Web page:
An oil and water separator is the heart of the upstream process operations in oil and gas production. Without the separator you simply cannot produce oil and gas in a cost-effective manner. Therefore, understanding how the separator works, but also the value it can contribute to your oil production is crucial to maximize the oil production and reduce the upstream processing costs.
What is an oil and water separator?
An oil and water separator is a cylindrical or spherical vessel/tank used to separate water, oil, gas and sediment from the fluid stream produced by one or multiple oil and gas wells. Separators can be either horizontal or vertically shaped and are classified into two-phase and three-phase separators.
The two-phase separator only separates oil and gas, while the three-phase separator handles oil, water and gas.
You can also categorize separators based on operating pressure. There are three pressure levels defined: low, medium and high pressure.
Low-pressure units handle pressures of 10 to 180 psi
Medium-pressure units handle pressure of 230 to 700 psi.
High-pressure units operate from 975 to 1500 psi.
How does an oil and water separator work?
The main purpose for an oil and water separator is to separate oil from water by speeding up the process, or what is called the residence time, compared to letting the fluids separate naturally.
Residence time: The time it takes for oil and water to separate. It is determined by dividing the liquid volume inside the separator tank by the liquid flow rate.
During oil production the fluid stream from one or more oil wells is gathered in a separator. This stream consists of oil, water and gas. The composition of these elements can vary from stream to stream, and over time. In today’s oil and gas production the separator is designed to separate the stream into oil, water and gas as fast as possible.
The water is a by-product which is disposed of, while the oil and gas is sold to third parties for further use.
How is an oil and water separator designed?
You can design oil and water separators in different ways. The space available, the components and instrumentation chosen, and if it is vertical or horizontal plays a role here.
There are however 10 main components you will find in most three-phase separators. These are:
An inletwhere the fluid stream coming from the oil wells enters the separator. This is typically located in the pre-separation zone of the separator
An inlet diverter or inlet device to control the direction of the fluid stream entering the separator
A separation enhancement device which is built in the primary separation section.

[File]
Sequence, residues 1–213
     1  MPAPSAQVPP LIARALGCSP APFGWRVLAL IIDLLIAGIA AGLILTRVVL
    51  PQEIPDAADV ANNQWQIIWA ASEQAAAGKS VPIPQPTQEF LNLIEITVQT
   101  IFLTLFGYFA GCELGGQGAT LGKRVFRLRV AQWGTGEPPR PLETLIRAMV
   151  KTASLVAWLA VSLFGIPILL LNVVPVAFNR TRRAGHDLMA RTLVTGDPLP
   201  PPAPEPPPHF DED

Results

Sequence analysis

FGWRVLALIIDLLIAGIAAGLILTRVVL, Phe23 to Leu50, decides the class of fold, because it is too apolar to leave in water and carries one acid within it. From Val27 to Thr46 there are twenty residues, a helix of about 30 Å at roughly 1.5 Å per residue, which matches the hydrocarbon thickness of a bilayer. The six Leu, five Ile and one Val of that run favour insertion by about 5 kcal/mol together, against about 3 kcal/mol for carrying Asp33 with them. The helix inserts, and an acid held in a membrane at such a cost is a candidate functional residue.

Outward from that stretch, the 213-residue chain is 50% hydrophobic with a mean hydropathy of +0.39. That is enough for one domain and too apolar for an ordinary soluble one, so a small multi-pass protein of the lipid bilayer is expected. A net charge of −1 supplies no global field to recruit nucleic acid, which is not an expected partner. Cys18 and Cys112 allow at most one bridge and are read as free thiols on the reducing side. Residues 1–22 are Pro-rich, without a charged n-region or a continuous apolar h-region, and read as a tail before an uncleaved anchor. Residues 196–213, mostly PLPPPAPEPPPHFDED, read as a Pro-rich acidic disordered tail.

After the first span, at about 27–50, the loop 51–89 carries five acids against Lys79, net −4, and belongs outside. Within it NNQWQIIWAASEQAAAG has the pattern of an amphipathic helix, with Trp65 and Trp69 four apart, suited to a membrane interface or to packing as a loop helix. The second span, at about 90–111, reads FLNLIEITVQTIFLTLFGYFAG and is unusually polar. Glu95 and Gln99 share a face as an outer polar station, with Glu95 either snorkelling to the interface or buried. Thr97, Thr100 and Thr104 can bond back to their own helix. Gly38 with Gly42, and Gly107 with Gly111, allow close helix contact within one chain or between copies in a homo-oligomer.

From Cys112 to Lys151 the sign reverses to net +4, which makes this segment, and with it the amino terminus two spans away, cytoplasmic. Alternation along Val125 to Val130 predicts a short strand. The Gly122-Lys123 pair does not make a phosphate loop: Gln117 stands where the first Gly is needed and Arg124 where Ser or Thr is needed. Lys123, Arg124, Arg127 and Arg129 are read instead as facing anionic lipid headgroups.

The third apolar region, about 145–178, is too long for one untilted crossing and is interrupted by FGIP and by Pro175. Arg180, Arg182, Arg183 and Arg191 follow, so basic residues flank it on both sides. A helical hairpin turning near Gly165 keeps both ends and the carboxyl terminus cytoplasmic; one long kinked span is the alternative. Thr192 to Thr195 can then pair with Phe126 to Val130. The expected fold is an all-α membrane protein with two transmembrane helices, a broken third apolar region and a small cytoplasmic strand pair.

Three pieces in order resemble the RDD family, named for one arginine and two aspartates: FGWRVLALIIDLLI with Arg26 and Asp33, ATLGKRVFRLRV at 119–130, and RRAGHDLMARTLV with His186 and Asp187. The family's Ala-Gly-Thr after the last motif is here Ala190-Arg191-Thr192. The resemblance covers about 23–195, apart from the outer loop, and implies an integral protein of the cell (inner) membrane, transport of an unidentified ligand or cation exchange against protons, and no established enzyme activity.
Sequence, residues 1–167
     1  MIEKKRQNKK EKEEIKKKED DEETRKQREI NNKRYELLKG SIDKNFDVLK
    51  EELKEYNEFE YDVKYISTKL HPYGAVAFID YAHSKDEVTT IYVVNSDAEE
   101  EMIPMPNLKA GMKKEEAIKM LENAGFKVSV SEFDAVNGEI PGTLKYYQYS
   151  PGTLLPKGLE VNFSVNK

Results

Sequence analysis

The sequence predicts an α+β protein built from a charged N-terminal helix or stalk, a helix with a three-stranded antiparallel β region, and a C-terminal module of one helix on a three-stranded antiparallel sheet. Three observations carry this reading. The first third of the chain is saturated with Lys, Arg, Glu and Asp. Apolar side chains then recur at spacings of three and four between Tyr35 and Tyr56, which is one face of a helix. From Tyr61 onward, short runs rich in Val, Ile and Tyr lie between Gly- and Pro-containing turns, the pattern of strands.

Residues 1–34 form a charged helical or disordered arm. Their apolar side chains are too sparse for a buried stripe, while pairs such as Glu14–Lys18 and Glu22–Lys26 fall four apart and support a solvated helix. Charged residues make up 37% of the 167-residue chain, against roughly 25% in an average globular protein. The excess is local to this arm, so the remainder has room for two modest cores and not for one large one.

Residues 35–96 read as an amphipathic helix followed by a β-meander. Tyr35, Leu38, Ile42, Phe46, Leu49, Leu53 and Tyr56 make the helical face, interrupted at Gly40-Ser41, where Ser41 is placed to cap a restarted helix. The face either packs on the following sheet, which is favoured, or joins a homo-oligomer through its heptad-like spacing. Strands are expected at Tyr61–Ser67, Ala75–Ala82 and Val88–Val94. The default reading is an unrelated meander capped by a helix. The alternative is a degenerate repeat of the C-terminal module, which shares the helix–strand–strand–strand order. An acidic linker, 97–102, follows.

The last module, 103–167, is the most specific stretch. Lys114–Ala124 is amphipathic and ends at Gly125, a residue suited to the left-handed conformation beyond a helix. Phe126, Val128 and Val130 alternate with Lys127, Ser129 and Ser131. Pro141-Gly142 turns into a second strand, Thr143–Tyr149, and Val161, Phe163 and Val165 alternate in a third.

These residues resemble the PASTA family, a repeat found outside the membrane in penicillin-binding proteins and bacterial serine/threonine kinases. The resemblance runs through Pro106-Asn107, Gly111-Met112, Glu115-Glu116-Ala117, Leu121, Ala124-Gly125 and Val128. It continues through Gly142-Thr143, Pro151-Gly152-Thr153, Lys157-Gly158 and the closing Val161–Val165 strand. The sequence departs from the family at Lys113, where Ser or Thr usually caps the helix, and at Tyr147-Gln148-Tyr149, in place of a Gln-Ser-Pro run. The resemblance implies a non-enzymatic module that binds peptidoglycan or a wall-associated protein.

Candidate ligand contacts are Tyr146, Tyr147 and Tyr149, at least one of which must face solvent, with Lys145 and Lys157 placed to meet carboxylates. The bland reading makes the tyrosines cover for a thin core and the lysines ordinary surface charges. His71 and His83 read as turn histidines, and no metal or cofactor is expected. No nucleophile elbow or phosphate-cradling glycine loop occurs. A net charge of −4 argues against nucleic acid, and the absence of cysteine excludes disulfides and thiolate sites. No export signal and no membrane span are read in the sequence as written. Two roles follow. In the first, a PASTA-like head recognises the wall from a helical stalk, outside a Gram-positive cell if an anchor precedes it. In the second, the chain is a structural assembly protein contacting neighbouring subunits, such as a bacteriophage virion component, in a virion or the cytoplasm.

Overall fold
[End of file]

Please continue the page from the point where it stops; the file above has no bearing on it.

A type of weir, where the most common ones will be a weir plate or overflow weir. The weir affects the liquid level or the gas/liquid interface level in the separator.
An oil bucket – the overflow weir allows the oil to spill into the oil bucket
A water outlet, and a dump valve which is used to remove the water from the separator
An oil/water interface level controller which is used to control when and how much the water outlet should open to dispose of water.
An oil level controller to control the oil level
A mist eliminator or demisting device used to separate the gas from the liquids and a gas outlet used to remove the gas from the separator.
A back-pressure control valve installed to maintain constant vessel pressure.
Illustration borrowed from Kinray: 3-phase oil and water separator with overflow weir.
Why is an oil and water separator important in oil and gas production?
The answer to this question lies in understanding why you need to separate the well stream into three components in the first place.
You do this to:
Dispose of the water as fast as possible. Water is a by-product in oil production.
Better utilize the transportation infrastructure of the oil production to a maximum by only transporting sellable product like the oil and avoid transporting the by-products.
Ensure customers for the produced oil. Customers buying the oil barrels from the production companies will not accept a high percentage of water in the product, nor will they buy a multi-phase flow that is not separated.
The oil and water separator does in other word affects the ability to produce sellable oil.
This in turn makes the performance of the separator very important. Clearly a high performing separator will be able to process more oil than a low performing separator. But a separator capable to operate at maximum performance will have other cost benefits as well.
Let’s take a closer look at what these cost benefits are:
You can reduce the liquid carry over into the gas line (with consequent less production shut down and damage to the downstream equipment)
You can reduce the oil content left in the water that you dispose of, as this oil is now separated from the water. You also reduce pollution by disposing of cleaner water.
You can reduce the production cost pr barrel of oil by better utilizing the infrastructure. That is you transport a cleaner product from the well to the customers.
The oil and water separator is, as you can see, vital to an efficient oil production. It separates the oil from water and gas, making it a sellable product. However, it must function at maximum performance to gain the possible cost-benefits mentioned above.
Do you want to know more about designing a separator to achieve maximum performance?